The Bush administration in conjunction with the Democratic congress is now calling for a bi-partisan federal bailout of the Notre Dame Fighting Irish Football program to the tune of $ 14 billion. Citing its cultural and historical value to the nation, its tradition and it popular fan base, the proponents are warning that failing to act is no option, “time is of the essence,” says an administration spokesman, “or we will lose a national treasure.”
Senate Majority leader, Harry Reid told reporters, “Charlie Weis needs help and he needs it now. Notre Dame is coming to us for consideration and we are going to have to make a decision.”
Controversial congressman, Ron Paul, of Texas caused a brief uproar on the floor of the House of Representatives Monday when he asked House Speaker, Nancy Pelosi, why they couldn’t just fire coach, Charlie Weis, and get a another coach? “Why does the government always have to be involved in these things? If some teams are losing that means that some teams are winning too.”
But there is bi-partisan concern that looking for another coach at this stage would be the death knell in a 120 year tradition that represents thousands of jobs and millions of dollars in franchising and licensing fees, yet another blow to a failing economy.
“To get another coach at this point,” explains Treasury Secretary Paulsen, “would be like asking the heads of the auto industry to give up their plush, executive, jobs in favor of others with bold claims but untested ideas which may or may not work when, in fact, the current executives know their industry better than anyone and have a record that we can see. We know what they will do.”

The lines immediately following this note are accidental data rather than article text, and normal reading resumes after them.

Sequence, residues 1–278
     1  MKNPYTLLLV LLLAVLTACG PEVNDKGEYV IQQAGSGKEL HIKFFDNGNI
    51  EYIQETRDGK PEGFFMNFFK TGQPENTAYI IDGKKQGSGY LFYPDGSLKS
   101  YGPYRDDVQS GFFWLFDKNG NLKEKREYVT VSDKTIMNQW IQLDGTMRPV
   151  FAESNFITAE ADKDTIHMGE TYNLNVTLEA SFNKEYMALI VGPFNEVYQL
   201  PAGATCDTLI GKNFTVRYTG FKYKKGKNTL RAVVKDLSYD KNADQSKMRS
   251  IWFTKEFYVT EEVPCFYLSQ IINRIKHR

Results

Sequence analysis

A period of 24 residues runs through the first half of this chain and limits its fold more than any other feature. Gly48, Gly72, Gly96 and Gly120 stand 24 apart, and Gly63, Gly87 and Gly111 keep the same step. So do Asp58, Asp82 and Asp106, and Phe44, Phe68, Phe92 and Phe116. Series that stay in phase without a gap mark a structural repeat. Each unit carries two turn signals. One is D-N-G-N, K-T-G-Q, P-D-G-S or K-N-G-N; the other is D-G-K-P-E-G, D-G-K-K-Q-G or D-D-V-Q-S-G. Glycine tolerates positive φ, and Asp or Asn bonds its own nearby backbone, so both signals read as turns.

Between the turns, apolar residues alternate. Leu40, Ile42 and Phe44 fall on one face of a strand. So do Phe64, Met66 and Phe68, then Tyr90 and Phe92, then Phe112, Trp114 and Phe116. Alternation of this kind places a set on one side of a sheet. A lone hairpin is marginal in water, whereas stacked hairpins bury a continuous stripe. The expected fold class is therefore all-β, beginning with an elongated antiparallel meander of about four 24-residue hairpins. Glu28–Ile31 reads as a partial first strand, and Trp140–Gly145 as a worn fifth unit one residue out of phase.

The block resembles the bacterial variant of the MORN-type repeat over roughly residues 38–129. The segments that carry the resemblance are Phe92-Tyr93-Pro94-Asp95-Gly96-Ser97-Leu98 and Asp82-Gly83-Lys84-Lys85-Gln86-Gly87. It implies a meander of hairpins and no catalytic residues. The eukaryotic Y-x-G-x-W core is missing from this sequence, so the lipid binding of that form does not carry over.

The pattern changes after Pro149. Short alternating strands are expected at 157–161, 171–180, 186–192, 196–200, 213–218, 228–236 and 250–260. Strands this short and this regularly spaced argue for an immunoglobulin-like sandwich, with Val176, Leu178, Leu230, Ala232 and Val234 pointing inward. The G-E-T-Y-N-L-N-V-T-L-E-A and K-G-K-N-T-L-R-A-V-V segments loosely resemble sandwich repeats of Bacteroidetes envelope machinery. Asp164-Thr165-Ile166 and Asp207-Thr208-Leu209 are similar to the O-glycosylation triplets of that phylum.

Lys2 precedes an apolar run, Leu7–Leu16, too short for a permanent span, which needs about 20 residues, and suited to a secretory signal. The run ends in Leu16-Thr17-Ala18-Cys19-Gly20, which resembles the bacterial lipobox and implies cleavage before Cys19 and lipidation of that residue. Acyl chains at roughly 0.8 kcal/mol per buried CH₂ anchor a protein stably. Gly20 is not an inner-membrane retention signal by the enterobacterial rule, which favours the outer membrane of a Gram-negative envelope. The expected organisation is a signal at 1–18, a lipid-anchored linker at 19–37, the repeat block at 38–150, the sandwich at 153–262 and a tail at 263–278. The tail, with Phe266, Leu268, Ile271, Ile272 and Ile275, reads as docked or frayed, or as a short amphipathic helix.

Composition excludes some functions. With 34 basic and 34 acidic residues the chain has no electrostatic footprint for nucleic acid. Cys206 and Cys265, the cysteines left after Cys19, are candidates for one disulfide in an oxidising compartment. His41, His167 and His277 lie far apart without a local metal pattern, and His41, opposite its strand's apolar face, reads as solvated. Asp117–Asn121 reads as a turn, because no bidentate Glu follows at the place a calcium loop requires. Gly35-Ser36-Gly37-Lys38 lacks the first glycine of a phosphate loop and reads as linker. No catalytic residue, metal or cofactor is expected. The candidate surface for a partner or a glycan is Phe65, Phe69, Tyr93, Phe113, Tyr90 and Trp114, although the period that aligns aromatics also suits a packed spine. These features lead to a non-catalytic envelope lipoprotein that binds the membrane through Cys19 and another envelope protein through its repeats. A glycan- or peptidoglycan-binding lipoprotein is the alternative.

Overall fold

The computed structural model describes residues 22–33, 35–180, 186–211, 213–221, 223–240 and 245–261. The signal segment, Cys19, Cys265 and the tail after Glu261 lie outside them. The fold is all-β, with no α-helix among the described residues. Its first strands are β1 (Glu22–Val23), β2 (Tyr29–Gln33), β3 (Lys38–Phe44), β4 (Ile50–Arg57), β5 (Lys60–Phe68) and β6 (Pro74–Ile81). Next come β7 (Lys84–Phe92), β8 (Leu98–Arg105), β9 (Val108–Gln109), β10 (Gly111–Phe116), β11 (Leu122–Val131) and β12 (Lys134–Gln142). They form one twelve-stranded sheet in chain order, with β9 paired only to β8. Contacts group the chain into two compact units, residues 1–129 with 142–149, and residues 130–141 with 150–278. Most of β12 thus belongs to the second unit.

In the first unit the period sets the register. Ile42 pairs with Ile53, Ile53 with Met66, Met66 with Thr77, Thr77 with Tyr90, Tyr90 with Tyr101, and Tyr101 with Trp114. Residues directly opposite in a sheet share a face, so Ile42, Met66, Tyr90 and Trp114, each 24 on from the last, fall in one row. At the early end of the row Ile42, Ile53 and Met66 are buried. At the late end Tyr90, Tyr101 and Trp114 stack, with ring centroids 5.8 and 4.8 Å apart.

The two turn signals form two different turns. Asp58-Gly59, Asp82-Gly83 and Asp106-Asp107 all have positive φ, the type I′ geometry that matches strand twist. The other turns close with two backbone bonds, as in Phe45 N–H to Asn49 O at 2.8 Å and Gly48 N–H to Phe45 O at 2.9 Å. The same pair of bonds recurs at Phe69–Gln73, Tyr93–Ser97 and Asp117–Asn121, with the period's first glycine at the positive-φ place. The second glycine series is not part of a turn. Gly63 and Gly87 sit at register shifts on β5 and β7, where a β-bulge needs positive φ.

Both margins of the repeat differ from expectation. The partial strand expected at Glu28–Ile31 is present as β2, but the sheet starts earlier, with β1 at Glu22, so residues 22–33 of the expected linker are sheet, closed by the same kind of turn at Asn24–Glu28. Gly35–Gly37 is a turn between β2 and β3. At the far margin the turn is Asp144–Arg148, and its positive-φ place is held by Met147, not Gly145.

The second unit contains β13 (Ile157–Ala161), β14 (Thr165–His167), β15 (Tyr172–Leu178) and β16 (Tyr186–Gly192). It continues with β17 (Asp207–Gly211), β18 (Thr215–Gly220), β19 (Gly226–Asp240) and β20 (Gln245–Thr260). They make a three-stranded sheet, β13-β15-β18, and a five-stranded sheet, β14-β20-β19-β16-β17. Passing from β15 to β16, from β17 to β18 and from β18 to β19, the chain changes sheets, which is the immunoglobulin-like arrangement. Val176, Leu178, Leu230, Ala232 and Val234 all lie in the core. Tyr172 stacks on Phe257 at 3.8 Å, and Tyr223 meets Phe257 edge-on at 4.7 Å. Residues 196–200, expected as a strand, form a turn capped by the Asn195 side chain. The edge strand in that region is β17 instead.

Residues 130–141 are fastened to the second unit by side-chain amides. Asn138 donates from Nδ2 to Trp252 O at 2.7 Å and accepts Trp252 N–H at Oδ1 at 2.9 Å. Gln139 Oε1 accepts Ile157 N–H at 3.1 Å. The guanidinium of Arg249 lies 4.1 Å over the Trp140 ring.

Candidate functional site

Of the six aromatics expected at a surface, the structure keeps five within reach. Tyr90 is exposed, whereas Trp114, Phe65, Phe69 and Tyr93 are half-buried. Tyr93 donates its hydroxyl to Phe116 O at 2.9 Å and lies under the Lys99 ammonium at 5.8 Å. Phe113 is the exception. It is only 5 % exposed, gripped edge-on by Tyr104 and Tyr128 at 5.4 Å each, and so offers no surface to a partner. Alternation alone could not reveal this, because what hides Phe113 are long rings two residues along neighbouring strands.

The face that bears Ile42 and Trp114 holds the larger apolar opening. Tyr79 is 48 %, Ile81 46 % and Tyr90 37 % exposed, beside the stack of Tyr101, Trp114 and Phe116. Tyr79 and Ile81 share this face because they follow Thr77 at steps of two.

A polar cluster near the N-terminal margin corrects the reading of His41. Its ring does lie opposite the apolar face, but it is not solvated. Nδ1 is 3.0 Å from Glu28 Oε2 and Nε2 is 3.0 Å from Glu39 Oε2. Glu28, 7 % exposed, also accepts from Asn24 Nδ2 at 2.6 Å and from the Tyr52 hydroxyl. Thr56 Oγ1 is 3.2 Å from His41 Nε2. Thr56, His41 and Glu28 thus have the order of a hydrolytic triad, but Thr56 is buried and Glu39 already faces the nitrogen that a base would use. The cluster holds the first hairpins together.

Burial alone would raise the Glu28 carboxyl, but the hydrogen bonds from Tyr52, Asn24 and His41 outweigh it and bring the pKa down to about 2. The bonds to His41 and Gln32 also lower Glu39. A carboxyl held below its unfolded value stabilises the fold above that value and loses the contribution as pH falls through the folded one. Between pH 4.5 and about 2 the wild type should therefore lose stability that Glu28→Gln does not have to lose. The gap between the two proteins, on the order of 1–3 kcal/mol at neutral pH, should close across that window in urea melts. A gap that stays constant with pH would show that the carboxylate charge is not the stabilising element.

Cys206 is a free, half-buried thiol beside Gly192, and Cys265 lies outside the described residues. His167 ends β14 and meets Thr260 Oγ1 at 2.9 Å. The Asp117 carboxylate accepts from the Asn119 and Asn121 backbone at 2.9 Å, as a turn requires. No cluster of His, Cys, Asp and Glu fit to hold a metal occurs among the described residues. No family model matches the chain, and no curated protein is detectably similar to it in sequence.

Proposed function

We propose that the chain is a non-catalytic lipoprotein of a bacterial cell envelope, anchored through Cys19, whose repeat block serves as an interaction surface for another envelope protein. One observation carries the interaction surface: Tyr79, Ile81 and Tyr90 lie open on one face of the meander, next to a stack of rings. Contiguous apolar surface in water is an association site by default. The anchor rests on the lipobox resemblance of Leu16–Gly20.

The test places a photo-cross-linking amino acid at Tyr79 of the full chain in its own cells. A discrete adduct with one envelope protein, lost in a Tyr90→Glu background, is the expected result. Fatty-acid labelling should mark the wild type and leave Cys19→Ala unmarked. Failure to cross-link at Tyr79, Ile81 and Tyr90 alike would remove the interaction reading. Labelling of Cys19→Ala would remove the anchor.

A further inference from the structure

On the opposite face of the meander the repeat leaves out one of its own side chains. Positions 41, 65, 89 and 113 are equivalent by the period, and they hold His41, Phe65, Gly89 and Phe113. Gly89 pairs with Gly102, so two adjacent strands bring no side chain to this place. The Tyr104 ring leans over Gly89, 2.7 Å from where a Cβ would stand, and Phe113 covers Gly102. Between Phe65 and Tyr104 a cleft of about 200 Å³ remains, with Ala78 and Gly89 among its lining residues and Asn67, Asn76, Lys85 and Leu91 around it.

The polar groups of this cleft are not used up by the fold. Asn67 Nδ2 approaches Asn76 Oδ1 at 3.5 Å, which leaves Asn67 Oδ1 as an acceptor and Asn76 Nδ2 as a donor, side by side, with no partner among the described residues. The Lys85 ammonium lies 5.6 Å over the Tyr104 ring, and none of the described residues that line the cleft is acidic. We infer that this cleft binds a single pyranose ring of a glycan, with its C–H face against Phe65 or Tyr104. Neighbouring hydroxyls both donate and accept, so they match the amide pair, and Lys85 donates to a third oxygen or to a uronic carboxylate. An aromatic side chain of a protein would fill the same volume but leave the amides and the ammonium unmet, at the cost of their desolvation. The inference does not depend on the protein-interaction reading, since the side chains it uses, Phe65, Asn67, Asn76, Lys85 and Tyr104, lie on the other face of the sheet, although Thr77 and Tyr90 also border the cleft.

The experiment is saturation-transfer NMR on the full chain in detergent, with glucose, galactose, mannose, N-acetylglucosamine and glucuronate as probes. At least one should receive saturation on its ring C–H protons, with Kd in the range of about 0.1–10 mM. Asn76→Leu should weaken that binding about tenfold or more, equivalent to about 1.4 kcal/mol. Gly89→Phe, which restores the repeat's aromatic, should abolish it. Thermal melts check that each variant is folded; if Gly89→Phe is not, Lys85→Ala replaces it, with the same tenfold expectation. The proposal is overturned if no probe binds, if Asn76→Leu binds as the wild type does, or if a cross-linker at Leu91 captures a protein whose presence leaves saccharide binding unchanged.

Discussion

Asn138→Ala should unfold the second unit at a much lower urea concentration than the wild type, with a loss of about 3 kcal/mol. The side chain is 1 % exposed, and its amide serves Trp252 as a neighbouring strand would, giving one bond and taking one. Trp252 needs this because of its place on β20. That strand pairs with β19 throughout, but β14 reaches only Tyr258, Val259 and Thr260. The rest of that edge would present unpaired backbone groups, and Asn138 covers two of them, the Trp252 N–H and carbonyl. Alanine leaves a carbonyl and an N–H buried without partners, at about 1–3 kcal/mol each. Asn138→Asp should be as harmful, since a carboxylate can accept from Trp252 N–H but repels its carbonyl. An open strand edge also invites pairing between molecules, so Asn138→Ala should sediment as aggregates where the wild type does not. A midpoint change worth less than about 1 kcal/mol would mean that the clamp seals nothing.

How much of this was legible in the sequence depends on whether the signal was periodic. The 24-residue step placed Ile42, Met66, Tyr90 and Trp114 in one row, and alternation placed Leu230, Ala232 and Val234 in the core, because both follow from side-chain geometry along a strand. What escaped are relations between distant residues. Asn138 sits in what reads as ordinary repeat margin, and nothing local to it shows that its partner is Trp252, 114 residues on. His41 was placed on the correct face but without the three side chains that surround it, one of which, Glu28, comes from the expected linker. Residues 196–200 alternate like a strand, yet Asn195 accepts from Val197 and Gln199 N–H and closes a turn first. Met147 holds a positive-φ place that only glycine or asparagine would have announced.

Asks Paulsen, “Would you want the chairman of Citibank to just walk away? And lose all that talent, just because his business has failed in a down economy?”
Speaking on Bloomberg Television, Marvin Forbes explained that “if the government is going to give out these large sums of money it wants to give them out to men and women with proven records who have experience and not just create new billionaires out of new people.”
President Bush, in an informal Roosevelt Room meeting with newspaper editors from selected mountain states asked, “Why would the government want to give money to a new coach? What could a new coach possibly know that Charlie Weis hasn’t already learned in four years?” Bush says he has looked Weis in the eye and has “a sense of the man’s soul.”
Notre Dame officials will be coming to Capitol Hill this week and there is every expectation that the government will provide the help they need.
When asked about the crisis, President Elect, Barack Obama, has declined to comment, saying that there can only be one president at a time, but he did add that “These are emergency times and we need emergency solutions that are creative. Americans are looking for change.”
Some outspoken congressional critics, such as ESPN’s Duna Jacoby, are suggesting that half of the $ 14 billion should be withheld until the school and its coach can come up with a workable plan for winning games. But Marlin Yoder of the Catholic League says he met last night with Vice President Elect, Joe Biden, in a closed door session at the Chicago Hilton and stressed to Mr. Biden that any further delay by the government would be disastrous.
Secretary Paulsen admits that there are other storied football programs in trouble. The recent loss by Ball State raised some eyebrows in Washington. And while the government cannot bailout all the teams with losing seasons, it will consider them one by one on a needs basis.
Says a spokesman for the troubled Notre Dame football program, “No one here wanted to do it this way, we would have much preferred to have had a winning record on our own, as we did during the last Great Depression but this crisis came out of nowhere and has reached ‘Critical Mass’ and something had to be done and this seemed to be the only way to save the program.”